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Is It Time to Forgive Lance Armstrong?

28/01/2015 17:53 GMT | Updated 30/03/2015 10:59 BST

Speaking in his first television interview since admitting to taking performance-enhancing drugs, shamed cyclist Lance Armstrong has shown little of the contrition we expect from disgraced public figures seeking a way back into our hearts. He simply restates his case that, when he took dope, everyone else was taking it too. And he promises not to do it again - as if he would be given the chance.

Let me be clear from the outset: Armstrong, in my books, remains one the greatest pound-for-pound athletes of the modern age. He ranks with the likes of Michael Schumacher, Tiger Woods, Muhammad Ali or any of the widely acknowledged sporting greats.

The fact that he was stripped of his titles, demonized by the media and turned into a scapegoat does not change my opinion: he competed against grown men, capable of making decisions about whether or not to take dope in their effort to win titles.

On his account and, indeed, on the evidence we receive almost every week, his peers also took dope. Armstrong had the misfortune of being caught; not because of a positive dope test - he flew through these with flying colours - but because of witness accounts. He was, it seems, a hugely unpopular character who intimidated others (though he of course denies this).

Armstrong is now asking for forgiveness of sorts: he wants to be allowed to compete again. My view is that he should be allowed the chance to compete once more. I go further, it is time to recognize that, in many senses, Armstrong is not an aberration, but the epitome of the modern professional athlete: remorselessly determined, single-mindedly focused on winning and prepared to do whatever it takes to win. And perhaps I should add "at any cost." The Armstrong case reminds us that sport has changed and his cutthroat approach is much more in sync than the "Chariots of Fire" mentality that fans, it seems, believe still guides athletes.

It is time sport liberalised its policies: it should drop the banned substances list and allow athletes to make informed and intelligent choices as to whether or not they wish to take performance-enhancing substances.

Athletes from across the spectrum have made their intentions signally clear: they will continue to defy the most stringent tests and stay ahead of the curve, always leaving testers lagging in their quest to eliminate doping.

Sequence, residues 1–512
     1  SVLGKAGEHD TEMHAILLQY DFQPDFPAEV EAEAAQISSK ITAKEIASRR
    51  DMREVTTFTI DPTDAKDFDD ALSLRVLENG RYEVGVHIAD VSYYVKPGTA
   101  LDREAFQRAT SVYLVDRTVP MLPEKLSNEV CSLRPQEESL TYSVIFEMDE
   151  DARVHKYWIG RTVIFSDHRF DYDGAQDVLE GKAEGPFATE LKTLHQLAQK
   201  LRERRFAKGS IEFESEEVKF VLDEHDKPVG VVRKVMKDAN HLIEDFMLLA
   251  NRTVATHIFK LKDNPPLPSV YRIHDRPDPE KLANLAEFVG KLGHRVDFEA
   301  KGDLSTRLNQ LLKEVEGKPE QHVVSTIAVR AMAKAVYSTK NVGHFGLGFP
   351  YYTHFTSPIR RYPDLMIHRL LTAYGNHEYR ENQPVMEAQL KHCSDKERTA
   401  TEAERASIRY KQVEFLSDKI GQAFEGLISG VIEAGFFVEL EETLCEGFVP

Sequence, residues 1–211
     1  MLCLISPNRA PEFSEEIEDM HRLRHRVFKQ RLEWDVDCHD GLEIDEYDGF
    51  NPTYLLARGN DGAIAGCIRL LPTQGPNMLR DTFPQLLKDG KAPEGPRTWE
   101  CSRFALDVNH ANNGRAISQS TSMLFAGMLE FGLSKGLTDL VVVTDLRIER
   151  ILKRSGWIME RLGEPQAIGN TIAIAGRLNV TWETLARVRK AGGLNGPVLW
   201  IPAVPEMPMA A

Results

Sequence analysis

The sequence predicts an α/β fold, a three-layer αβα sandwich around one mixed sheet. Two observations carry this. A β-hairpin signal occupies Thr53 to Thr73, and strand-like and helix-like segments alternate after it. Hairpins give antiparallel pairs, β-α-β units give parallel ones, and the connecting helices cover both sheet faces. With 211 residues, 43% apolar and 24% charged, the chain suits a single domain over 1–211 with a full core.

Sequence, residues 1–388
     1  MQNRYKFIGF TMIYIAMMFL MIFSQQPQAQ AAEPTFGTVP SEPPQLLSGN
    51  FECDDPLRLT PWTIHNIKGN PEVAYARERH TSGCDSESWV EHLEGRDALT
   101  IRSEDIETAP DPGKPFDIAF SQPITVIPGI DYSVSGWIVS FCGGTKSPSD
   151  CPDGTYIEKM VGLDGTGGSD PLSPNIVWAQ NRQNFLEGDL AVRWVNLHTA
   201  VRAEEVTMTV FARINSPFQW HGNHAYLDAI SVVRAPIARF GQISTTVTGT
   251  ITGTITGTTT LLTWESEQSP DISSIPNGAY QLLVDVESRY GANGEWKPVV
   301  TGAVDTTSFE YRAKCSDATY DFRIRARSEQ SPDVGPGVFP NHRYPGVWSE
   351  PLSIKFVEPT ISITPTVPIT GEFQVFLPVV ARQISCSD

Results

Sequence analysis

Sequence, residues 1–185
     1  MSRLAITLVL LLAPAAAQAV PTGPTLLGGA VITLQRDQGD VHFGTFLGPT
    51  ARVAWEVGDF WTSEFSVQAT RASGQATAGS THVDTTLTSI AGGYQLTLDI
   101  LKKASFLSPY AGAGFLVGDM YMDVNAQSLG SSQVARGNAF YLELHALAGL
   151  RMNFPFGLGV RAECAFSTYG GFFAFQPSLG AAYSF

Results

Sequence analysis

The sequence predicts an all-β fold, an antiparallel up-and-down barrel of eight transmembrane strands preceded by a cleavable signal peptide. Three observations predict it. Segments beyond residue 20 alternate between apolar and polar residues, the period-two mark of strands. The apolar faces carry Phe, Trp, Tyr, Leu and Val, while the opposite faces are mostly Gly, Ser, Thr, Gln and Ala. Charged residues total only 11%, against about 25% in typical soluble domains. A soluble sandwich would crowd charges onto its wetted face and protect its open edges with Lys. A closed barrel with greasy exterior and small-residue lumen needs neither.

While the governing bodies continue to outlaw pharmaceutically produced substances, athletes are forced to engage in clandestine arrangements, procuring dope from unknown sources and taking it in amounts and for periods that may prove detrimental to their health. An honest policy would permit doping, but invite athletes to disclose whatever substances they have used. Sports organisations could then commission research and advise athletes on what is most effective and in what quantities and at what intervals it can safely be ingested. After all, anti-doping policies were initially designed to protect the health of athletes.

Armstrong's recent interview was packed with discussion points, perhaps the most telling being his appraisal of dope testing. The World Anti Doping Agency (WADA) is forever chasing the so-called cheat, but without ever standing a realistic chance of beating them. Armstrong acknowledges that there is dope currently being used for which there is no name.

Designer drugs are chemically engineered to escape detection. Athletes are constantly searching for ways to improve their competitive performance and evade detection. This is a never-ending mission. Well, perhaps it could end. But only if sport decided to become more congruent with reality and recognize that doping is now part of sport.

Why then do the likes of the World Anti-Doping Agency insist on extending this futile pursuit? Sport depends on the patronage and sponsorship of global corporations that would be horrified were their brands to be associated with activities that allow performance-enhancing substances. The word "drugs" itself invites images of crack-addicted mothers begging for help, Medellin cartels, or young men lying in gutters with track marks down their arms. Not supremely trained young men and women striving to push their bodies to, and even beyond, natural limits in physical endeavours.

The likes of Coca-Cola, Sony, and Kellogg wouldn't think twice about pulling out of sports sponsorship were this to happen: they want their products associated with health, wellbeing and wholesomeness. But, in time, they will be persuaded that doping in sport is not inconsistent with these qualities. Eventually, like it or not, we will come to realize that doping in sport can be managed but not defeated.